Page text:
Under Construction #4 (detail) , 2010, delineated canvas, clothing dye, text, 40 x 40

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    Urban Decay #2 , 2009, mixed media: liquid paper, colouring dye, 20 x 20 Urban Decay #3 , 2009, mixed media, 20 x 20

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    Cartographies , installation view, Art Gallery of Peterborough, 2010

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    In Rosalind Kraus oft-cited essayThe Originality of the Avant- Garde (1985) she observes that within the practice of manyModernist artists, the visual trope of the grid functioned as a marker of artistic originality. Largely considered to be thevanguard of the avant-garde in Modern art, Kraus notes that thegrid-scored surface1 of the canvases of artists ranging from Josef Albers to Piet Mondrian and Agnes Martin marked the imageof an absolute beginning2 that simultaneously offered thepromise of autonomy.3 The grids existence as a cornerstone of non-representational art gave rise to the (fictitious) notion that this new kind of art was truly original (irrespective of the fact that this claims potency was diminished each time that it wasemployed by yet another artist or was used in succession withina particular artists practice). Positioned as it was the grids potencylay in the fact that due to the emphasis on what lay on itspictorial surface, a work of art could only be evaluated in termsof formal qualities. This meant there was no equivalent of thegridded canvas to be found in nature, no visual referent existedin the world at large and that there was no linguistic terminologythat could adequately describe it 4. As such, these works existedoutside of history. The discourse that was then created to discuss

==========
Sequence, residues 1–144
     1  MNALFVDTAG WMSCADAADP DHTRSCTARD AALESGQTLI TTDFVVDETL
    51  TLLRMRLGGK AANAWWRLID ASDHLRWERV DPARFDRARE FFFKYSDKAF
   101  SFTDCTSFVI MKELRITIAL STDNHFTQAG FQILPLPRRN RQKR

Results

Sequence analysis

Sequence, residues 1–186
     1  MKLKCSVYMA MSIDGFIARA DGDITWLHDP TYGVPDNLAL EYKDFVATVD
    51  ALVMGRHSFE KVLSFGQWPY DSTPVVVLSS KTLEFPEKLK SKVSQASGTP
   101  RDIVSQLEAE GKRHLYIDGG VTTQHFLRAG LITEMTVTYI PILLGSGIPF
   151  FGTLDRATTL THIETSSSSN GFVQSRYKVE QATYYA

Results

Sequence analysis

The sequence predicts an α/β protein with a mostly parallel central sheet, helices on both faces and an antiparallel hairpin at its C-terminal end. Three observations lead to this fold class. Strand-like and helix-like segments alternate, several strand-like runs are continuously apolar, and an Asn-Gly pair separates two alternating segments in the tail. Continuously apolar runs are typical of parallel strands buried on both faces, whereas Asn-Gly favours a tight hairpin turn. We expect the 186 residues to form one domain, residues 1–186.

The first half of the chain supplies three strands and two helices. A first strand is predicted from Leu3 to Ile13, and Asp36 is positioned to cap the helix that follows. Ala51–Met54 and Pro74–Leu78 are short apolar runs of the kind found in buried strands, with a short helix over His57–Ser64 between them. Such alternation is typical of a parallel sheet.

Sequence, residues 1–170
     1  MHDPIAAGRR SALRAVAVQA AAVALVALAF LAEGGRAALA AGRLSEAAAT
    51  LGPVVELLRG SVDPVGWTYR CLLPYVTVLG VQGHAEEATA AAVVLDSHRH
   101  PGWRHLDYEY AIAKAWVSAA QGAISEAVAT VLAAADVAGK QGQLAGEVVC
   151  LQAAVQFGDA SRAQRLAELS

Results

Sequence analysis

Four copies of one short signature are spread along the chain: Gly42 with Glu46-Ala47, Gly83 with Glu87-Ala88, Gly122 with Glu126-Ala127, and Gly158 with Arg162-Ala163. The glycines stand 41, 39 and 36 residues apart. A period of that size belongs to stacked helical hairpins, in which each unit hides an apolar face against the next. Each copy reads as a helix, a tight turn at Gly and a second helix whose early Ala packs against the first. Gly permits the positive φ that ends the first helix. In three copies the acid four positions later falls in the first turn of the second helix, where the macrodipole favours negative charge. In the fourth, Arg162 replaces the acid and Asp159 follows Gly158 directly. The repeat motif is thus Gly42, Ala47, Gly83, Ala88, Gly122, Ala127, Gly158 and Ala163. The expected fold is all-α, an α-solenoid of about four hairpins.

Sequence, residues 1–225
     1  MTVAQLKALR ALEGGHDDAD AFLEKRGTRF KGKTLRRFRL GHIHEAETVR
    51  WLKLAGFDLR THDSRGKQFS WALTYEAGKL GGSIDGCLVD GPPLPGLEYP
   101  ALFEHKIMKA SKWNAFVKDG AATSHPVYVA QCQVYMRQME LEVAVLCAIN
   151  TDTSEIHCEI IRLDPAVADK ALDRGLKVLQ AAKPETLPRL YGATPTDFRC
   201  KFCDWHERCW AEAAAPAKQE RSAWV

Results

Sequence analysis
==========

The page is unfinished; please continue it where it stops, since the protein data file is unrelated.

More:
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    Sally Frater

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    this type of painting insisted that these works be evaluated byformal qualities alone. This conclusion aided in cementing thenotion that this art primarily existed apart from the political andor sociological conditions that existed at the time of its produc-tion, and that these factors bore no influence on them as worksof art.

    In The Originality of the Avant-Garde (as well as in the earlier byless often cited essay Grids from 1976) Kraus refutes the gridsclaim to originality, pointing out in Grids how the employment of the grid in Modernist work was proceeded by the use of thegrid in symbolist art in the form of windows5 and that thesymbolist interest in windows clearly reaches back into the earlynineteenth century and romanticism.6 Therefore, if we are toconnect gridded Modernist paintings from the early twentiethcentury within the long trajectory of painted works that haveemployed the grid within them, then perhaps one would not beamiss in suggesting that these works do not exist outside of therealm of influence.

    Though artist Dionne Simpson is producing work at a much laterpoint in time that the reign of High Modernism in art, her prac-tice is, i